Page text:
There are several things that organisations can do to provide support to their LGBTQ+ community, from providing certain benefits that meet their needs to in-house policies and a culture that supports a be-who-you-are ethos across the organisation. “The first step for employers is to talk to and listen to their employees to find out what they want and need, and to identify where they feel the [organisation] is not supportive enough,” says Western. “However, the onus should never solely be on the LGBTQ+ employees; organisations must educate themselves and learn about the challenges these individuals may face.”

LGBT+-friendly benefits include gender dysphoria benefits, ranging from front-end mental health counselling and support to full pelvic surgery transitioning, and family-forming benefits, both in treatment and support-based services, including fertility, egg freezing, surrogacy support, and adoption support. “These must be carefully considered to ensure that any benefits put in place meet the needs of all populations,” adds Western.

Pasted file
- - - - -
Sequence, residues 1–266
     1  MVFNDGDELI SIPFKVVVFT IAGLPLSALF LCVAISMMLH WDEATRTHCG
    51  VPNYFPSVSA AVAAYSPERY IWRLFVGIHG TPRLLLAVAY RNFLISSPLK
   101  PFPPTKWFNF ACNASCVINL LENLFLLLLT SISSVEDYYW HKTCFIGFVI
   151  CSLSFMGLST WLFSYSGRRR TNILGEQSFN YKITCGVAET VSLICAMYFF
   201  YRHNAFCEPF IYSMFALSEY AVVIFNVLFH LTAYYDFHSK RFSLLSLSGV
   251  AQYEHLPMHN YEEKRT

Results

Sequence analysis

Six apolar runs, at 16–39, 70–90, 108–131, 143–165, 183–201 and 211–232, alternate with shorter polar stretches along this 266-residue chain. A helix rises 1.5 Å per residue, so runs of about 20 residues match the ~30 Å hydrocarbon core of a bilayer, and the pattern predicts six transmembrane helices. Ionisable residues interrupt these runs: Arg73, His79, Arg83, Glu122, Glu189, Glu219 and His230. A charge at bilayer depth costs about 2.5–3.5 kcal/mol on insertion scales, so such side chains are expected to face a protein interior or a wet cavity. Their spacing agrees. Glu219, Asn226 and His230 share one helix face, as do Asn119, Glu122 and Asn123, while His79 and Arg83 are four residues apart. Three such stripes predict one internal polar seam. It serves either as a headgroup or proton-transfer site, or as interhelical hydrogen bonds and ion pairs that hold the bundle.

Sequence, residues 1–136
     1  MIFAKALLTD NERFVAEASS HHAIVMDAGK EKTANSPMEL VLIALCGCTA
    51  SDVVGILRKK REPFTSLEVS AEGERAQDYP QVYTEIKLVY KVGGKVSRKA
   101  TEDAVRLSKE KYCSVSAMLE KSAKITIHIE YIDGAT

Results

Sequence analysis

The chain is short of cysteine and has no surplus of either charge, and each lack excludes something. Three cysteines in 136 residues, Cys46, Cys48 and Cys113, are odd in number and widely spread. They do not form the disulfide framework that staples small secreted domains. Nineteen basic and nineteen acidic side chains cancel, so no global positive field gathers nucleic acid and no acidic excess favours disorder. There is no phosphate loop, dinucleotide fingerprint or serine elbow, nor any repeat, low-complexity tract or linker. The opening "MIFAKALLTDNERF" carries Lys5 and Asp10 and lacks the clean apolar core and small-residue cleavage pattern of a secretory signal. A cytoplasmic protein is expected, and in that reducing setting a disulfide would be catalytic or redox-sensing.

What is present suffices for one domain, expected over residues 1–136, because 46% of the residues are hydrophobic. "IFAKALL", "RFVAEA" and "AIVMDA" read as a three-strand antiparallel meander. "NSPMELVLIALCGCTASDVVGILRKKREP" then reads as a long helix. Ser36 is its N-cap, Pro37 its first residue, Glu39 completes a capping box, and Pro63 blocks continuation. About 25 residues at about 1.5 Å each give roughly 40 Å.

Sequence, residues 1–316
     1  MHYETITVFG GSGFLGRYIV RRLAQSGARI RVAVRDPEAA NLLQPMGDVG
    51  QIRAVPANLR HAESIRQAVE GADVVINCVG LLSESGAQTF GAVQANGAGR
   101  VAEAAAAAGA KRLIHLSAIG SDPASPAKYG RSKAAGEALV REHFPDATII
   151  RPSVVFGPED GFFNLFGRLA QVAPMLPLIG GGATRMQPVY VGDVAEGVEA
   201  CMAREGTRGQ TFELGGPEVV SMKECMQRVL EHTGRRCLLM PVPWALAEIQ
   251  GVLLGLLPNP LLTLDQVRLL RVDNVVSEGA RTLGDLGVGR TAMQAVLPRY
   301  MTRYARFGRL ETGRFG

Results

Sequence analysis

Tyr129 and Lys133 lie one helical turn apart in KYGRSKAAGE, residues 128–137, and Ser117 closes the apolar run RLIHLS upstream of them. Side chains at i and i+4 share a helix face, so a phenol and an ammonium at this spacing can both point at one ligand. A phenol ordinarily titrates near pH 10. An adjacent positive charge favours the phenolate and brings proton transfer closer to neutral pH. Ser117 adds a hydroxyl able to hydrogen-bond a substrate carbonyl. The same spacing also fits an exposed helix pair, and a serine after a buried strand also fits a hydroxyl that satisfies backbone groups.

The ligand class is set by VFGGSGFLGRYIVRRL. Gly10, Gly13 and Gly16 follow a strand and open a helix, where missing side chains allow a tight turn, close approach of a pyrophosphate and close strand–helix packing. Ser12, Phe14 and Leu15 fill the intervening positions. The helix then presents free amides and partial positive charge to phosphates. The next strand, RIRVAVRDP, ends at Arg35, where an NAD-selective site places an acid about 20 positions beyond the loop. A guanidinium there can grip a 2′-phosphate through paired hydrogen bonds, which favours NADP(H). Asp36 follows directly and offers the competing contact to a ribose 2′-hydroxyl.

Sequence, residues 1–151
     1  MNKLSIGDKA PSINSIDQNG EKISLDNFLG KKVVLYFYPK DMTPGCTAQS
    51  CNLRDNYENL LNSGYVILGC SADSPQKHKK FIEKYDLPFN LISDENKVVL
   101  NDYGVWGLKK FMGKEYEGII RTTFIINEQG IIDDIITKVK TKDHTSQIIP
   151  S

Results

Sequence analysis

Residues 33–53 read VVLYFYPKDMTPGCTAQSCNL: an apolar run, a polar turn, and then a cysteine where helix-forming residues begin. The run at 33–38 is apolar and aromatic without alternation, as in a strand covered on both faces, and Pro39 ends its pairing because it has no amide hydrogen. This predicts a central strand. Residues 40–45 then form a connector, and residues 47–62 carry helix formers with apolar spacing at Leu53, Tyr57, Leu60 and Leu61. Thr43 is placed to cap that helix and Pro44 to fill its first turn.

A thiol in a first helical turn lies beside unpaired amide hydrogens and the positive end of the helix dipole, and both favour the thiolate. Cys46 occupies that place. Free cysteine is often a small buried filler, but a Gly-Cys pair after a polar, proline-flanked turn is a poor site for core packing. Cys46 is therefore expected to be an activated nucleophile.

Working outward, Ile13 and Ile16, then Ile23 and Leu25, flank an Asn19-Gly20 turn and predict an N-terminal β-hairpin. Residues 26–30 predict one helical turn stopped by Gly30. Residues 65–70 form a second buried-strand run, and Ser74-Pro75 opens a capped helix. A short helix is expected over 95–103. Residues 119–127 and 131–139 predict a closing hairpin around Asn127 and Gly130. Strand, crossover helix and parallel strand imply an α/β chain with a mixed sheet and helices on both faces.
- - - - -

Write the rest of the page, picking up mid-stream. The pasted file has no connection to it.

An inclusive approach, validated through in-house policy and strategy about how the organisation supports people in certain areas, demonstrates that it is being led from the top.

In many cases, existing HR systems, contract templates, or other administrative systems need to be adjusted, explains Dr Gabi Helfert, executive director of Rotterdam School of Management, Erasmus University.

“HR policies must be [lesbian, gay, bisexual, transgender, queer, intersex, asexual, plus] LGBTQIA+ inclusive, for example, offering parental leave for employees in same-sex partnerships who adopt a child or sick leave in case of medical gender reassignment procedures,” she says. “Offering all-gender bathrooms makes non-binary employees feel welcome and also sends a signal to all stakeholders that the [organisation] fosters diversity and inclusion, and affirms employees’ individual differences.”

Explicitly mentioning LGBTQ+ inclusion in DE&I policies signals the commitment of the leadership both toward LGBTQ+ employees as well as other colleagues and stakeholders, while enabling employees to choose their own pronouns contributes to a sense of inclusion. However, Helfert warns against the dangers of ‘pink-washing’.

“Sponsoring or participating in impact activities, such as pride parades or LGBTQIA+ events, or flying a rainbow flag in your communications during pride month can send a positive signal to employees, external stakeholders, and the general public and be a useful instrument for outreach,” adds Helfert. “However, this should always be paired with substantive policies and action. If [this is] not the case, [employers] risk being accused of window-dressing.”